Potential gut-brain mechanisms behind adverse mental health outcomes of bariatric surgery
R. M. Brown; E. Guerrero-Hreins; W. A. Brown; C. W. le Roux; P. Sumithran
Year of publication
Nat Rev Endocrinol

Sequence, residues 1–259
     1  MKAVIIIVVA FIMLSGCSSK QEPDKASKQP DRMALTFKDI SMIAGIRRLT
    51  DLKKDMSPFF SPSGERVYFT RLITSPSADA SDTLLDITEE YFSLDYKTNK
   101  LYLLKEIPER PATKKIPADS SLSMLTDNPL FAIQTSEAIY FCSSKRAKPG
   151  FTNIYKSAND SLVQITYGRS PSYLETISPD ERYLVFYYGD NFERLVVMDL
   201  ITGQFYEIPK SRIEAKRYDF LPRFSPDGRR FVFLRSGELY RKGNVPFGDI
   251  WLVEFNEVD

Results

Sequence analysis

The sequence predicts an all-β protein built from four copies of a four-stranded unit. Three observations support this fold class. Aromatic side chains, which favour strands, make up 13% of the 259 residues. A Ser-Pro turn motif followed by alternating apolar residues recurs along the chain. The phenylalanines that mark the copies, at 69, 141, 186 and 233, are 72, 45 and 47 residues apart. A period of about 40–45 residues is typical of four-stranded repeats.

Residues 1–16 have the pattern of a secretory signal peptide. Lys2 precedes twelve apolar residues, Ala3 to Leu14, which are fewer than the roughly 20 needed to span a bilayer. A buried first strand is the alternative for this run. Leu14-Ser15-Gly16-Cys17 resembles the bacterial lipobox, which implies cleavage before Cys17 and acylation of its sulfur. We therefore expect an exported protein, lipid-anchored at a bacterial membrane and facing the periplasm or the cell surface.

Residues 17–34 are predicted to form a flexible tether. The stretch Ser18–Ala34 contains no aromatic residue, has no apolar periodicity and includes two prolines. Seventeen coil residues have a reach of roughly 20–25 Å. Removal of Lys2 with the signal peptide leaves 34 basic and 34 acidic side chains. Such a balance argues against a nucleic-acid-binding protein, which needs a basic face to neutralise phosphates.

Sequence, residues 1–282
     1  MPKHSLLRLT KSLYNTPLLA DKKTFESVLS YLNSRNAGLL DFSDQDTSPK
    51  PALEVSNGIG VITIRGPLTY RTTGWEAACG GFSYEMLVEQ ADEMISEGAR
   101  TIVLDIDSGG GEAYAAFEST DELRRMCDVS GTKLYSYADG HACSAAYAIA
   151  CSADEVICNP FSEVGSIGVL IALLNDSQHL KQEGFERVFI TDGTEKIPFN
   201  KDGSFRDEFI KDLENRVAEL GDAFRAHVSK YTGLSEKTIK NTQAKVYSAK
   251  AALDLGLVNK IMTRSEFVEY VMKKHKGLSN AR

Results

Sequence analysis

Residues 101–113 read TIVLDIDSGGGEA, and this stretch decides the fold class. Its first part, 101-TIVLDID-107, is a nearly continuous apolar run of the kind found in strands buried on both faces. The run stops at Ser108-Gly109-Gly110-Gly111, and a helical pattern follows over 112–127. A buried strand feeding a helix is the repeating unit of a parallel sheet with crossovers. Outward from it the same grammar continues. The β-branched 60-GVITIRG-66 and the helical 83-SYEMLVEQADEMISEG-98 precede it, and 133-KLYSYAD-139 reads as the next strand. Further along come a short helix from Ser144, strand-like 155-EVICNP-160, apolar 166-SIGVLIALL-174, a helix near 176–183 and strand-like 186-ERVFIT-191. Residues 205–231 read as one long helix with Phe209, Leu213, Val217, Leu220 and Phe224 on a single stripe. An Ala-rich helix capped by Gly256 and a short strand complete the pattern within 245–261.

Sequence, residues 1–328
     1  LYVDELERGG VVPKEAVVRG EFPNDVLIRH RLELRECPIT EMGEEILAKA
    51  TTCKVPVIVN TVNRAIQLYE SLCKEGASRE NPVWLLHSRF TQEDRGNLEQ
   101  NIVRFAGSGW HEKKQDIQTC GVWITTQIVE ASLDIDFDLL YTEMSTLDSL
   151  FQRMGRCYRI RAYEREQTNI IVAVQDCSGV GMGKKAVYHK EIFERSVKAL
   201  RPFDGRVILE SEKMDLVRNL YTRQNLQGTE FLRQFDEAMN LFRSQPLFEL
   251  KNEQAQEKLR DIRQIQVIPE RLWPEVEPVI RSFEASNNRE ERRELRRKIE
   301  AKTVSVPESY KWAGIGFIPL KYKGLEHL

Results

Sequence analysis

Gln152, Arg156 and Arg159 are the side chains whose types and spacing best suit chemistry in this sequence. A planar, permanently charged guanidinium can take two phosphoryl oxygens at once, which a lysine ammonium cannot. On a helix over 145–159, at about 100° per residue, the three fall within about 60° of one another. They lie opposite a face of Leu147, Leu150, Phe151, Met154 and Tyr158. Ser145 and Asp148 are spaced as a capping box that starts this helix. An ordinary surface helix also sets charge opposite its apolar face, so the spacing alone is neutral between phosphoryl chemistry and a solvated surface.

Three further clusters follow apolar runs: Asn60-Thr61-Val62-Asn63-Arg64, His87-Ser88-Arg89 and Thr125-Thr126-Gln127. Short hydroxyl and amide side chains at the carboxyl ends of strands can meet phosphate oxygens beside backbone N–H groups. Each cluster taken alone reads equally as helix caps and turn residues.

Bariatric surgery induces sustained weight loss and metabolic benefits via notable effects on the gut-brain axis that lead to alterations in the neuroendocrine regulation of appetite and glycaemia. However, in a subset of patients, bariatric surgery is associated with adverse effects on mental health, including increased risk of suicide or self-harm as well as the emergence of depression and substance use disorders. The contributing factors behind these adverse effects are not well understood. Accumulating evidence indicates that there are important links between gut-derived hormones, microbial and bile acid profiles, and disorders of mood and substance use, which warrant further exploration in the context of changes in gut-brain signalling after bariatric surgery. Understanding the basis of these adverse effects is essential in order to optimize the health and well-being of people undergoing treatment for obesity.